We booked Thailand a good 5 months before actually leaving when we found insanely cheap tickets on Air India. As an American, good deals overly excite me, but for the record, we’d fly Air India again in a heartbeat for the value for money. H.I.G.H.L.Y R.E.C.O.M.M.E.N.D. I.T.

So, I am a travel research kind of gal, so I stalked every blog I could find to create the best two week Thailand circuit for fresh first time tourists like ourselves. We ultimately decided on 3 days in Bangkok, 1 day in Pattaya exclusively to see friends, 4 days in Chaing Mai and then to finish up with 4 days in paradise on the Koh Phi Phi Islands. I was pretty proud of our itinerary and imagined us soaking up the Thai culture while we zipped around on tuk tuks and longtail boats, tucked into amazing street food and threw back bottles of local Singha beer.

Well…Bangkok ended up being more of a shit show than a culture show. I have to admit that our first day was idyllic and didn’t foreshadow the struggle to come. We slept off some jet lag, strolled through Lumpini park, sipped on fruit smoothies out of coconuts and finished off the night with cocktails at the Bayan Tree Moonbar that has a 360 view of Bangkok. We were hardcore honeymooners with no shame.

When I woke up then next morning, Robin was in excruciating pain. If you’re not caught up on Robin’s ankle problems, find out about our pre honeymoon nightmare here. His calf was cramping and he was spitting up blood. We immediately rushed tuk tuk style to the nearest hospital and spent the morning in an incredibly modern building full of medical workers dressed from the 1950’s. It felt like something out of an old colonial British film. At the time, I was more amazed by what was turning into the speediest emergency room visit I’ve ever experienced. Robin’s hair was windblown as he was wheeled around from wing to wing by his private assistant and we were out the door with meds and a lot of reassurance three hours later. Take that all day emergency room visits in France and the US.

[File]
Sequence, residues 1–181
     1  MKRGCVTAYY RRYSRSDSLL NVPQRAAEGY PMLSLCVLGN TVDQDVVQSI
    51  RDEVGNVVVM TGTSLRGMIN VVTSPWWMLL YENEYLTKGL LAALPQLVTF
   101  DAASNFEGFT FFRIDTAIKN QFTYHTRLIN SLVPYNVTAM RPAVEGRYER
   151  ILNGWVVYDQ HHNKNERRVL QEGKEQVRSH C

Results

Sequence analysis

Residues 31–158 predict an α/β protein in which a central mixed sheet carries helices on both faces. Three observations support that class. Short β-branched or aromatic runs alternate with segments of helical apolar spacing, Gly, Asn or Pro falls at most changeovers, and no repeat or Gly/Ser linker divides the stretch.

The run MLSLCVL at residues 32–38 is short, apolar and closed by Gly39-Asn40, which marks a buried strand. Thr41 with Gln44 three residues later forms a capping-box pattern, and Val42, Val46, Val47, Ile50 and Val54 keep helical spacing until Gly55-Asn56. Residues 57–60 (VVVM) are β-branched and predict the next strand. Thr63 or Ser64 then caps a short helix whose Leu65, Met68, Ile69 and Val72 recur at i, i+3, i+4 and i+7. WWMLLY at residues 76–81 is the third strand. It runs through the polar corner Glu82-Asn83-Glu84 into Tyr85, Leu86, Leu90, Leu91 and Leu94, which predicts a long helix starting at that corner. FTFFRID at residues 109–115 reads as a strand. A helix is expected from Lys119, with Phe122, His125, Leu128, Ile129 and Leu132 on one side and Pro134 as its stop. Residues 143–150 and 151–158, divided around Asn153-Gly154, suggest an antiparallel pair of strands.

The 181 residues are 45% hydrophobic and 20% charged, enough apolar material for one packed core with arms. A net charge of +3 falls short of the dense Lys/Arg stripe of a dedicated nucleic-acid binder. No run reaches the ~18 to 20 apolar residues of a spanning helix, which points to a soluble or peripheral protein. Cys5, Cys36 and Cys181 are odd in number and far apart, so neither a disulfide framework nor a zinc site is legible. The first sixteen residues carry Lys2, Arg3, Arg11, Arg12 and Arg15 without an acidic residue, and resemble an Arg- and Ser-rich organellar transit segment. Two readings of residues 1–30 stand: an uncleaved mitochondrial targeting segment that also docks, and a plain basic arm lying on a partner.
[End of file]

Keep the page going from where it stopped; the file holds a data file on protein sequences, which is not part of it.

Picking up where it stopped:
However, this left us less than four hours to “run” around in 70% humidity to take in the tourist sites the Old City of Bangkok had to offer. We were so rushed trying to binge visit The Grand Palace, What Pho, The Flower Market and Wat Phra Kaew that at one point I misread a sign and thought we were going to see the largest Buddha in Thailand at Wat Phra Kaew. We were actually going to see the Emerald Buddha that measures a robust 66 inches. There were hundreds of people crowding around this tiny, yet mighty Buddha, but I was on the look out for a gigantic Buddha. I kept walking around the temple in circles saying to Robin, “Do you see a massive Buddha anywhere?” “Why are people so interested in that teeny Buddha over there?” Little did I know that “teeny” Budhha is literally the symbol of safety for all Thai people. #obnoxioustraveler.

We were so exhausted after our crazy day that we literally didn’t have the energy to get off the hotel bed for dinner. We ended up ordering in room service and burning off our taste buds with another too spicy for us to handle Thai dish. I awoke in a cold sweat the next morning around 6 am. My stomach was violently cramping and Robin wasn’t in bed anymore. I heard the toilet flush while he gingerly crawls back into the bed. Come to find out he’s been up since 3 am making regular visits to the bathroom. 10 minutes later, I’m army style scrambling for the toilet as I empty all of last night’s curry in heaves. Robin and I spend the next four hours before our rendez-vous with our friend Aline, taking turns in the bathroom, trying to hold down all kinds of stomach meds and praying to any and all Gods that our bodies were just rejecting too much spicy food and this was not the start of food poisoning.

By the time Aline arrived, we’d managed to shower and pack our bags, but the struggle was real. We stepped out into the 30°C heat and I literally could feel my legs trembling beneath me. By the time we made it to the Bangkok National Museum and Aline is explaining the significance of the painted ceilings in front of me, I’m starting to get faint. People are on their knees praying and I slowly sink to the ground next to them as the room gets fuzzy. I can hear Aline whispering at me to place my feet behind me because it’s not respectful to point them at the Buddha, so I find the energy to push myself on my knees knowing the last thing I need right now is to get thrown out of the temple. My new position mimics everyone worshiping so when Robin brings back water he thinks I’m feeling better and just “immersing myself in local customs.” If only that were the case.  I took some tentative sips of water, stayed on the ground for a few minutes and then it was my turn to hobble back to the car.